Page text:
In 1968, David Brandt Berg, finally started a religious movement in California. The group originally consisted of “hippie types”, young people and troubled teenagers– drifters attracted to the counterculture movements of the that era. He originally called his cult “Teens for Christ”, but later changed the name to Children of God.

David Berg was charismatic and enigmatic, and he brought together young, attractive, and talented people and convinced them that his brand of evangelical Christianity was the right way to live. In reality, the Children of God was historically a group with extremely abusive and misogynistic teachings. Young people were sent all over the world to beg on the street, sell religious reading materials, and “flirty fish” new converts, who would live in poverty in diverse locations. The children raised in that cult, at least when Berg was still living, were horrifically abused on all levels. Faith Jones, one of David Berg’s many grandchildren, was no exception.

Faith Jones never met her paternal grandfather, who went into hiding in 1971. David Berg divorced Jane Miller (known as Mother Eve) in 1970 and that same year, he married a cult follower named Karen Zerby, who had worked as his secretary. Karen Zerby now leads The Family, as the Children of God cult is now called. She is known as “Mother Maria”.

Karen had a son named Ricky Rodriguez in 1975, while she was living in Tenerife, Spain. Ricky was fathered by a “flirty fish”– a man Karen had been trying to lure into the cult by having sex with him. David Berg “adopted” Ricky, whose childhood was recorded in a book called The Story of Davidito. The book was supposed to be a guide to cult followers on how to raise their children. However, the book strongly encouraged child sexual abuse, which Karen Zerby allegedly participated in against her son.

Ricky Rodriguez endured horrific abuse, and in 2005, invited his mother and his former nanny to lunch. After lunch, he murdered his nanny by stabbing her to death. He had meant to murder his mother, too, but she hadn’t accepted his invitation to lunch. Rodriguez then committed suicide. It’s my understanding that a lot of the really abusive practices that took place while Berg was still alive no longer happen. “Flirty fishing”– using sex to lure new converts– went out in the 1980s, supposedly due to the AIDS epidemic.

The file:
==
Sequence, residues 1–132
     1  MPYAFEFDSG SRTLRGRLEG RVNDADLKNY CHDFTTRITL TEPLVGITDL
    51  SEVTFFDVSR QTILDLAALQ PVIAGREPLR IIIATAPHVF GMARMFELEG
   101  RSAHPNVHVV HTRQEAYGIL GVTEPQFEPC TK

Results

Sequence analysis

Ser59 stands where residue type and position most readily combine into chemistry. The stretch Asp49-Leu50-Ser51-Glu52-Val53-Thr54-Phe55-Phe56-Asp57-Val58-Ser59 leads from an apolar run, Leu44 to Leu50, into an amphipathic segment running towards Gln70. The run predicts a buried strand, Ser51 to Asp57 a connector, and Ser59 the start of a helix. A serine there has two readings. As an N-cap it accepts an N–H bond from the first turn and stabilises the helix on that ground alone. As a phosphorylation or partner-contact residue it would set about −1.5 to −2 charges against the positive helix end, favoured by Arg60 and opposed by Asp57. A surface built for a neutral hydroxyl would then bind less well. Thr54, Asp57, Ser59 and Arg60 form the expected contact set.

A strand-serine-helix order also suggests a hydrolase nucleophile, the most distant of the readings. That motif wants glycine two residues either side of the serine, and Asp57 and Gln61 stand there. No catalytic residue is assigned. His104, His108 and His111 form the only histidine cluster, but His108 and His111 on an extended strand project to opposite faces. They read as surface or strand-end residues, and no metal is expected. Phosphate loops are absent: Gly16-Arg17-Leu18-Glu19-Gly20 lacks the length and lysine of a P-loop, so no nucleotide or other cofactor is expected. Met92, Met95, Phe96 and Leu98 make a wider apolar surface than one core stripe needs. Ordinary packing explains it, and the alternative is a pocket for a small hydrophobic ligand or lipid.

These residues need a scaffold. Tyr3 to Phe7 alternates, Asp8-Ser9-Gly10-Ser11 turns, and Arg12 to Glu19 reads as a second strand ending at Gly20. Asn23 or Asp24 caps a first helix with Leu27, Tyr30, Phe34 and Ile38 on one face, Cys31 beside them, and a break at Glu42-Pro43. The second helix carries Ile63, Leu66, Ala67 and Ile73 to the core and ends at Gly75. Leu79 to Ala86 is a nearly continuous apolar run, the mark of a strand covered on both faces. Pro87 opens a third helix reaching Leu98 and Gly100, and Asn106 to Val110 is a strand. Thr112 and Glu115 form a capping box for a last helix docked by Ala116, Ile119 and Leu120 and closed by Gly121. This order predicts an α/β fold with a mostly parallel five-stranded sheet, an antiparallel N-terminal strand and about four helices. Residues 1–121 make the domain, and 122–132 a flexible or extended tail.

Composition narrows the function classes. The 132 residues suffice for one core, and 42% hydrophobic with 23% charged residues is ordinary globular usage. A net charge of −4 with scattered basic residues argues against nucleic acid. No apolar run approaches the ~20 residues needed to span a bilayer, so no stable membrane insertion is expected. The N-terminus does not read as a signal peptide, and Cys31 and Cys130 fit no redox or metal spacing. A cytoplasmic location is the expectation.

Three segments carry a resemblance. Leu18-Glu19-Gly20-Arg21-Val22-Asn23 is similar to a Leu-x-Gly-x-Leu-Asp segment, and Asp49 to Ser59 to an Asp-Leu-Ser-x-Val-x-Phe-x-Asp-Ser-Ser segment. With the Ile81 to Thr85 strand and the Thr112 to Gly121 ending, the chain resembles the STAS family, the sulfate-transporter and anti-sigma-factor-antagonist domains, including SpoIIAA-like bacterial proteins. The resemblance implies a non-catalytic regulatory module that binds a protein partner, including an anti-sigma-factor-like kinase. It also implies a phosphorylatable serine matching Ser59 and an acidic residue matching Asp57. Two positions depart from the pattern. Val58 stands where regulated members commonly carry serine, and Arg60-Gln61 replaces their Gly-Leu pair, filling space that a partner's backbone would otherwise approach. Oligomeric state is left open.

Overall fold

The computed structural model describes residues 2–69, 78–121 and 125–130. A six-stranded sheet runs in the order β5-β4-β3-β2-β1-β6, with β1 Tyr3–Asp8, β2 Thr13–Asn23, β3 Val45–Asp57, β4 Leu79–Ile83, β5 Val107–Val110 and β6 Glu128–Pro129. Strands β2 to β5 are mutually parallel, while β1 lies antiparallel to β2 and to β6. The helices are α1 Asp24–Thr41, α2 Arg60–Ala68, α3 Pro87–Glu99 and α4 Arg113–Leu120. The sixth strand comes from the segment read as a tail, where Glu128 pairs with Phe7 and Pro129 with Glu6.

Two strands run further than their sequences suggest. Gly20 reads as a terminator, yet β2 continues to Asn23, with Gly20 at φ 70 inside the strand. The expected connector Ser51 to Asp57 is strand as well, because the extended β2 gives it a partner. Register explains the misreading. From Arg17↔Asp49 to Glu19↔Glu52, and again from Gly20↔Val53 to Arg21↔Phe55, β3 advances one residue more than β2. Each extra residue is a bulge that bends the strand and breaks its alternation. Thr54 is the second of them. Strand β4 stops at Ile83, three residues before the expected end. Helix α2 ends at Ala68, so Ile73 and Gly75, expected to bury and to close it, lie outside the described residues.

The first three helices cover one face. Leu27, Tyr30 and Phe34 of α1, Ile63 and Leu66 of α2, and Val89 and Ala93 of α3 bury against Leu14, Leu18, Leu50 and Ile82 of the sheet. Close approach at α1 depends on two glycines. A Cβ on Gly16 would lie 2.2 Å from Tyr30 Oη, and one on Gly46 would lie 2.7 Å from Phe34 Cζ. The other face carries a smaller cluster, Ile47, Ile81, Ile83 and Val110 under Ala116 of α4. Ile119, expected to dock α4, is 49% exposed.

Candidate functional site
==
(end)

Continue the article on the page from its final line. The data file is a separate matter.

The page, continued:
Who is Faith Jones?

Jones was born to David Berg’s son, Hosea, around 1977. At the time of Faith’s birth, Hosea had two wives, Ruthie and Esther. Ruthie is Faith’s mother. Like many people who were born into the Children of God cult, Faith wasn’t always raised with her family of origin. She spent her growing up years living in different religious communes around the world, mostly in Asia. The communes, which were called “homes”, were led by shepherds– usually married couples– who kept the members accountable to the cult’s teachings and doled out punishments for infractions of the rules. Jones mostly grew up in Macau and Hong Kong, but she also spent time in Taiwan, mainland China, Thailand, and Russia.

Children were “homeschooled”. They were not allowed to read any books that weren’t approved by the cult’s leadership. They were forced to read “Mo Letters”– these were letters David Berg, who had taken to calling himself “Moses David” (hence the “Mo”), wrote to his followers. When members were punished, they were often required to read and reread the Mo Letters, over and over again, even if they had already memorized them. Jones did get a couple of tastes of formal education, and that ignited a thirst for knowledge within her. But children were severely punished for seeking information, reading unapproved books, or breaking other rules, such as eating sugar without permission. Children were also trained to “share” with other members. “Sharing” is a euphemism for having sex. The cult members were not to work with “Systemites”– normal people who weren’t in the cult.

Faith Jones was taught that she owned nothing. She had to share EVERYTHING with the group… and that included her body. She was told that her body didn’t belong to her; it belonged to God. God wanted her to share her body with anyone who wanted access to it. And using birth control was forbidden, as was refusing sex.

Faith breaks out at age 23